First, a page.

In a personal injury case, you must file paperwork, serve the defendant with it, and gather evidence to present to a jury. You must demonstrate that you were hurt, that the Defendant was at fault, and that their carelessness resulted in your injuries (your “damages”).
The next step is to obtain medical treatment, collect invoices and receipts for continued treatments, get estimates for damage to property or vehicles, and document lost income.
The Statute of Limitations
A statute of limitations is a legal provision that limits how long after an event you may bring a lawsuit. It ensures that civil and criminal proceedings are quickly settled and gives defendants the assurance that they won’t be faced with an old claim.
Each state will have a different statute of limitations, although most fall within a three-year time frame. There may be certain exceptions, such as car insurance claim against another driver when a case is tolled because the victim was a child or had a mental disability. In rare circumstances, such as with a claim involving a pharmaceutical product or hazardous exposure, the statute of limitations may be extended if you can demonstrate that you reasonably postponed learning the connection between an injury and its source.
Statutes of limitations also exist to protect defendants from unfair legal action. After a significant amount of time, eyewitness testimony may fade or disappear, and defendants might be deprived of crucial evidence to help them defend their position.
Preparing Your Claim
It is important to document everything about your injury. This includes medical treatments, resulting injuries, and how they have affected your daily life. It is also beneficial to speak with an experienced attorney specializing in personal injury for a full breakdown of the process. Learn more about claims in this article,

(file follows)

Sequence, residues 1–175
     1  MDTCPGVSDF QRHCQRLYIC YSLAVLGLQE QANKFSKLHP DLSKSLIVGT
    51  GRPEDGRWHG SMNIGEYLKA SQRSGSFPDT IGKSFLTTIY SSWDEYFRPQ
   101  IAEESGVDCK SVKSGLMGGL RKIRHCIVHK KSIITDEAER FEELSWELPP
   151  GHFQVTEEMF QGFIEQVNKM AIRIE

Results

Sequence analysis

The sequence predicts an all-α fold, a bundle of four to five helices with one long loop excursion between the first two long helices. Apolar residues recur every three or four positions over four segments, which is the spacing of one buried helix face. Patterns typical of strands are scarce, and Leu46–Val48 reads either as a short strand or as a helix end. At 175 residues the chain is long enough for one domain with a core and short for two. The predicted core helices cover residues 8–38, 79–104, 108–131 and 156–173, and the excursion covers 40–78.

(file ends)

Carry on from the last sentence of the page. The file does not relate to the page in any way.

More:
In most cases, your injury claim begins with filing a complaint with the court and is served to the at-fault party (who becomes the Defendant). Your Complaint will identify your claims, including the mechanism of your injuries, the extent of your damages, and why the Defendant should be held liable under the law.
A personal injury case may settle out of court or proceed to trial. Your attorney will draft a demand letter to be sent to the Defendant if you and the at-fault party are unable to come to an agreement on a settlement amount. Up until a deal is made or the case is tried, negotiations will continue.
Filing Your Claim
You may be eligible to recover monetary compensation depending on the extent of your injuries and their financial impact. This claim for damages could include past, present, or future medical costs, loss of income, and pain and suffering.
Your attorney will prepare a formal document identifying your claims and the amount you seek in compensation. This is called a Demand Package and is submitted to the person or entity responsible for your accident, along with supporting documentation like invoices, receipts, estimates, last year’s W-2, and pay stubs.
The Defendant will respond to the Complaint by admitting or denying your allegations and asserting defenses. The litigation process continues with discovery, which involves exchanging information through written questions (interrogatories) and depositions. Your attorney will now negotiate with the Defendant’s insurance carrier. Unfortunately, this can often be an exhausting process that results in back-and-forth offers until a settlement is reached or your case goes to trial.
Once your case is ready for trial, your attorney will prepare you and review the evidence to ensure that we make a strong argument to maximize your award. This stage includes a jury selection process, in which potential jurors are asked questions to determine their suitability for the case.
During your trial, your lawyer will present your side of the story to the judge or jury using the evidence gathered during the case and testimony from witnesses. The party who injured you (the Defendant) will then put on their defense and argue why they should not be held liable for your injuries and damages.
Adjusters and juries consider several factors in their decisions, including the actual financial losses you have suffered, such as past and future medical care and lost earnings, as well as non-monetary losses like pain and suffering. An experienced attorney can elicit sympathy from a jury to ensure you receive the full amount of your award.